up with necessary recommendations that will improve corporate governance
in Nigeria. The Committee was given the following terms of reference:

Identify weaknesses in the current corporate governance practices in Nigeria


with respect to public companies;
(a) Examine practices in other jurisdictions with a view to the adoption of
international best practices in corporate governance in Nigeria;
(b) Make recommendations on necessary changes in current practices; and
(c) Examine any other issues relating to corporate governance in Nigeria.

The Committee’s report known as Code of Best Practices on Corporate Governance


in Nigeria, was approved by the Boards of the Securities and Exchange
Commission (SEC) being the regulatory authority of the capital market and the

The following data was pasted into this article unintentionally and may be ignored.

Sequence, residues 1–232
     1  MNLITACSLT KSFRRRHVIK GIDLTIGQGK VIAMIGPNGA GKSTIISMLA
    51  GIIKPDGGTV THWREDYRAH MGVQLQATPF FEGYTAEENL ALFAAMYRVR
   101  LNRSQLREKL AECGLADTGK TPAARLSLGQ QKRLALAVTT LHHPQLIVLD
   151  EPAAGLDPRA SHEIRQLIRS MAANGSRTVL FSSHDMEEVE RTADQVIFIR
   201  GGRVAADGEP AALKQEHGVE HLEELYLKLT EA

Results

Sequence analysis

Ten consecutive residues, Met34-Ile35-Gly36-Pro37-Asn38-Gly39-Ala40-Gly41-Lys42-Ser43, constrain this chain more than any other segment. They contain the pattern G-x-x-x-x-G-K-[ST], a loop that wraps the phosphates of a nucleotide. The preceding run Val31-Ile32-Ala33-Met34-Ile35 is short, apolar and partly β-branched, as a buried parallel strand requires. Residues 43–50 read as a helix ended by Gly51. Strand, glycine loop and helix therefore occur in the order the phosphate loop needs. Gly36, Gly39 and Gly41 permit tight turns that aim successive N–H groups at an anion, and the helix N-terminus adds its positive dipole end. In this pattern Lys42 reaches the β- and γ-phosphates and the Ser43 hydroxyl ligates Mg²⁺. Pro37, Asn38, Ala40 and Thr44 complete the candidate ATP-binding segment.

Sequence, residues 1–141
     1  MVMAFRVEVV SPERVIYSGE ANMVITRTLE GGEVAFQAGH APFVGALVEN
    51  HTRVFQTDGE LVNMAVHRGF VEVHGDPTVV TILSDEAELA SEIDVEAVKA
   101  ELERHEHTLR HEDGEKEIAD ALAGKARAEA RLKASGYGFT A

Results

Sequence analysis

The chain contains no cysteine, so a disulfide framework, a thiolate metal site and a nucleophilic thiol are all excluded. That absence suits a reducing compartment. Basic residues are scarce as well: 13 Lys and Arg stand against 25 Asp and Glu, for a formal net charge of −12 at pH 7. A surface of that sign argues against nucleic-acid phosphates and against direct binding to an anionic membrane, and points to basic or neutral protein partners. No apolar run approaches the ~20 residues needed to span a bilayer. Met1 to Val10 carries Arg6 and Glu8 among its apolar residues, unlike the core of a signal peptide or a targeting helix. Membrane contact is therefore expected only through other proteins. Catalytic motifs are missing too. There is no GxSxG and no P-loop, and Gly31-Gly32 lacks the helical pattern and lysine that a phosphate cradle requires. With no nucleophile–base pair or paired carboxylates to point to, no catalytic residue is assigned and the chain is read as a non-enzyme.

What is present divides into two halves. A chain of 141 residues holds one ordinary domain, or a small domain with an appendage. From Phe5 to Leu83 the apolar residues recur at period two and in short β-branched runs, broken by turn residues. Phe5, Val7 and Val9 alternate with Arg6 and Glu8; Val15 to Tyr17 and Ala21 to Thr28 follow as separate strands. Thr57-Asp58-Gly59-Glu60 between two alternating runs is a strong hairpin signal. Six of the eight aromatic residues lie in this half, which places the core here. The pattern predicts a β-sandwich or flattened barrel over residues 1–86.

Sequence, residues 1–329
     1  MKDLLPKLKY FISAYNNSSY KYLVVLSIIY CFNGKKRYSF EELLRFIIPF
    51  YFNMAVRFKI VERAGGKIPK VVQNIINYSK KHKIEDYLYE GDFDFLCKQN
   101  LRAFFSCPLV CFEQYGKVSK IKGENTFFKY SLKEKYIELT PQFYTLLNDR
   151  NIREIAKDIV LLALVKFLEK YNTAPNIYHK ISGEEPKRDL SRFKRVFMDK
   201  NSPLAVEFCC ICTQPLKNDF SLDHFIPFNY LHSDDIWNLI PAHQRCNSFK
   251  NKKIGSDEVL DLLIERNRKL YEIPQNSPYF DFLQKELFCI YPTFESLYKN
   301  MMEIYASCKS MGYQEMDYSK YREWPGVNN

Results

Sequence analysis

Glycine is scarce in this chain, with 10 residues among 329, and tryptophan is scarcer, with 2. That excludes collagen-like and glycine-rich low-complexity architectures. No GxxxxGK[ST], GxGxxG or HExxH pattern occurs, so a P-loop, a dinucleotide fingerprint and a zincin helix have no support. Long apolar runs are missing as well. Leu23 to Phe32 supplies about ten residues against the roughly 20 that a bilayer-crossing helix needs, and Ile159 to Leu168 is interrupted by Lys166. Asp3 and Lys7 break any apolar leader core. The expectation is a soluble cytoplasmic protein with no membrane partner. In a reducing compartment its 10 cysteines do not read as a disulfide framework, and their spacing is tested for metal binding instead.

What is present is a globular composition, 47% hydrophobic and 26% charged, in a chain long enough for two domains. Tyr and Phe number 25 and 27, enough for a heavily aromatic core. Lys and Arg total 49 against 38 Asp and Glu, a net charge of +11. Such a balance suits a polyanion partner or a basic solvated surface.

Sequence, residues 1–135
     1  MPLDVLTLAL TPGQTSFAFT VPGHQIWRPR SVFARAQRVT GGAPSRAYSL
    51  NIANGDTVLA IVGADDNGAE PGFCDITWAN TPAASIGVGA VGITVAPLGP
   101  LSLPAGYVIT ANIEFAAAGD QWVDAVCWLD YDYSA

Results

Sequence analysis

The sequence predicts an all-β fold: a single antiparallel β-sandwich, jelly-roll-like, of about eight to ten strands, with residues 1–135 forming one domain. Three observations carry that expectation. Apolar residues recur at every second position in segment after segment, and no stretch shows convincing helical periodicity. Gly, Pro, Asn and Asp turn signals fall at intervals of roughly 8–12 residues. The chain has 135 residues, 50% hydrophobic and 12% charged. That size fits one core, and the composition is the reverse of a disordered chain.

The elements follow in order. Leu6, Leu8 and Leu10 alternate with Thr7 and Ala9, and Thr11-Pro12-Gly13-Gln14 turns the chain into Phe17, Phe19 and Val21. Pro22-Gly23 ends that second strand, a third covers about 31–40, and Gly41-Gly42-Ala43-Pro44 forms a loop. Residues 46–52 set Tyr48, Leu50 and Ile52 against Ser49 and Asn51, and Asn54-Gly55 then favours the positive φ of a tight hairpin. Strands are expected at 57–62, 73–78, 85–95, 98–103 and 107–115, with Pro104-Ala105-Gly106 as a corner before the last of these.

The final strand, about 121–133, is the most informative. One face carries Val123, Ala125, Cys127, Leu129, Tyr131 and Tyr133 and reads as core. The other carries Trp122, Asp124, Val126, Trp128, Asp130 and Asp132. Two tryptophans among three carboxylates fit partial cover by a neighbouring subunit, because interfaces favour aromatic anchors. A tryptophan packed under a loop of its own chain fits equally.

Corporate Affairs Commission (CAC) being the regulatory authority of companies
in Nigeria.

CODES OF BEST PRACTICES ON CORPORATE GOVERNANCE


CORPORATE
The code of best practices on Corporate Governance is treated under the
following:
(a) Board of Directors;
(b) Shareholders; and
(c) Audit Committee.

BOARD OF DIRECTORS
This is further divided into the following sub-sections:

Responsibilities of the Board of Directors


The board of directors should be in control of the affairs of the company in
lawful and efficient manner such that the company continuously improves on
its value creation.

The board should, with due regard to the other stake-holder’s interest, ensure
that the value created is shared among the shareholders and employees.

The functions of the board should include but not limited to the following:
(i) Strategic planning;